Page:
All MEMS microphones have an omnidirectional pickup response, which means that they respond equally to sounds coming from any direction. Multiple microphones can be configured in an array to form a directional response, or a beam pattern. A beamforming microphone array can be designed to be more sensitive to sound coming from one or more specific directions than sound coming from other directions.
Good performance from a microphone beamfomer requires that the sensitivity and frequency response of the different elements of the array be closely matched. Differences in these two parameters between different array elements result in a breakdown of the array’s desired response. Nulls may not be as sharp and the array’s directionality may not be properly oriented. The sensitivity and frequency response of the MEMS microphones need to be closely matched when they are used in beamforming arrays.
The effects on the SNR depend on the array configuration and processing, and may result in an increase or a decrease of the system SNR for different array topologies. It is important to select microphones with the highest SNR specification to maximize the overall system performance.
On axis, the broadside beamformer’s output is analogous to simply summing two identical signals to improve SNR. In a broadside summing array, the internal, or ‘self,’ noise from multiple microphones is added together in power terms, resulting in a 3 dB increase in noise as the number of microphones doubles.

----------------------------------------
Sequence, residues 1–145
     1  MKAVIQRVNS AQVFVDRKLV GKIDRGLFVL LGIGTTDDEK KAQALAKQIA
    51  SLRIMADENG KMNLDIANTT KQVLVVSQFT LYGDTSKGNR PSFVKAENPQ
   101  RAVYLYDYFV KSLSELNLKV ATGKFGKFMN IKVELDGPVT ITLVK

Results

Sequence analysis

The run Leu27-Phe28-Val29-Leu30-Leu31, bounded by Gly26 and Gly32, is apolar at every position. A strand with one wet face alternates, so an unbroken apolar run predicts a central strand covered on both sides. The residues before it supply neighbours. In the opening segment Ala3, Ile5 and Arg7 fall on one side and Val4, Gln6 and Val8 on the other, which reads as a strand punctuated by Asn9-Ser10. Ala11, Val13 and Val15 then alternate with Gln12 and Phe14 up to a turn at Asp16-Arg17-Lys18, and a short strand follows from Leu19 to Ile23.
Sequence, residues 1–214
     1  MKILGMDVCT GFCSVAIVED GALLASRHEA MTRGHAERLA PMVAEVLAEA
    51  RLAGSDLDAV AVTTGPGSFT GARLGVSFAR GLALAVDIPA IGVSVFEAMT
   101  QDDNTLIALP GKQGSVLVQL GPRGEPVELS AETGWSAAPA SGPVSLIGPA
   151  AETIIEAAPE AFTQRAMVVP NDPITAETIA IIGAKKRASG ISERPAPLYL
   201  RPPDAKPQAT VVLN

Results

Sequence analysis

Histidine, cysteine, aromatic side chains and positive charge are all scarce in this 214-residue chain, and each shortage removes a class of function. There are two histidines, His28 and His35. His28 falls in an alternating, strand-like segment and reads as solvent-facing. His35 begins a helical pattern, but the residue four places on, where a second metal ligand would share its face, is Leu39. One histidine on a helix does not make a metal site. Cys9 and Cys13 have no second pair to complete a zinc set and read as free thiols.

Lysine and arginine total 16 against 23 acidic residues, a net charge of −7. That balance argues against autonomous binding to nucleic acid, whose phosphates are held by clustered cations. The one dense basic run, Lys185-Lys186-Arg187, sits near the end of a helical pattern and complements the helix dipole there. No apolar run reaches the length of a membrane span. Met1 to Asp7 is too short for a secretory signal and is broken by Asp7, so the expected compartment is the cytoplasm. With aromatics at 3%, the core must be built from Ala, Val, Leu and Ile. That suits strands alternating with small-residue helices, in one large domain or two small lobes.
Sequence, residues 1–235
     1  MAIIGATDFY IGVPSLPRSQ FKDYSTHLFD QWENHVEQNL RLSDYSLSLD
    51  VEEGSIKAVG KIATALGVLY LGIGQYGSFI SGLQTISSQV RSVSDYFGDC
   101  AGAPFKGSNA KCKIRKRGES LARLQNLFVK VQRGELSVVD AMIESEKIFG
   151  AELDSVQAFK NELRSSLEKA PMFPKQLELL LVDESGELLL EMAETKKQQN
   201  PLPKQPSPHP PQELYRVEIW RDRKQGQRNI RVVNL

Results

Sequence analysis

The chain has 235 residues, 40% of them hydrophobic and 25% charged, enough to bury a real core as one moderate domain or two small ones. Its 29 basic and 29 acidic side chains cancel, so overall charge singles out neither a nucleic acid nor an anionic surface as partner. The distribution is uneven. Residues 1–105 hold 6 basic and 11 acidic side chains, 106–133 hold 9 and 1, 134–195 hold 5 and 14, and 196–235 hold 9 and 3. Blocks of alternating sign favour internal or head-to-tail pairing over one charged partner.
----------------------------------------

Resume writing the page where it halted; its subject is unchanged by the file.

This case demonstrates the advantage of beamforming in enhancing the performance, as the signal level doubles, giving a 6 dB increase. At the same time, the noise sums for a 3 dB increase in the overall level, resulting in a 3 dB boost to the SNR.
The on-axis frequency response of a 2-microphone differential array beamformer is 6 dB for frequencies with a wavelength twice the microphone spacing (typically about 4.1 kHz). Around this frequency, the difference between the array’s signal output and its noise is higher than each individual microphone’s, but the signal/noise relationship across all frequencies is more difficult to calculate.
Placement and height